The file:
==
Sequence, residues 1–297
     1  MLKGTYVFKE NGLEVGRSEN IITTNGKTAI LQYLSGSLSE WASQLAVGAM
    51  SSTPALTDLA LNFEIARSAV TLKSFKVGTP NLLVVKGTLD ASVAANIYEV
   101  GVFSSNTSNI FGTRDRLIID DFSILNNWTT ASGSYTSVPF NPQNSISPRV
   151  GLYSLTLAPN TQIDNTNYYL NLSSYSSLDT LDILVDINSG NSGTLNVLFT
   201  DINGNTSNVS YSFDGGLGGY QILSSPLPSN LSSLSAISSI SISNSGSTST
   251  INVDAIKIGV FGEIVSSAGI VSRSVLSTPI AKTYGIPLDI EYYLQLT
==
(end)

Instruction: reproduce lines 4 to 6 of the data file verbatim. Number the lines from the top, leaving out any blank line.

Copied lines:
   101  GVFSSNTSNI FGTRDRLIID DFSILNNWTT ASGSYTSVPF NPQNSISPRV
   151  GLYSLTLAPN TQIDNTNYYL NLSSYSSLDT LDILVDINSG NSGTLNVLFT
   201  DINGNTSNVS YSFDGGLGGY QILSSPLPSN LSSLSAISSI SISNSGSTST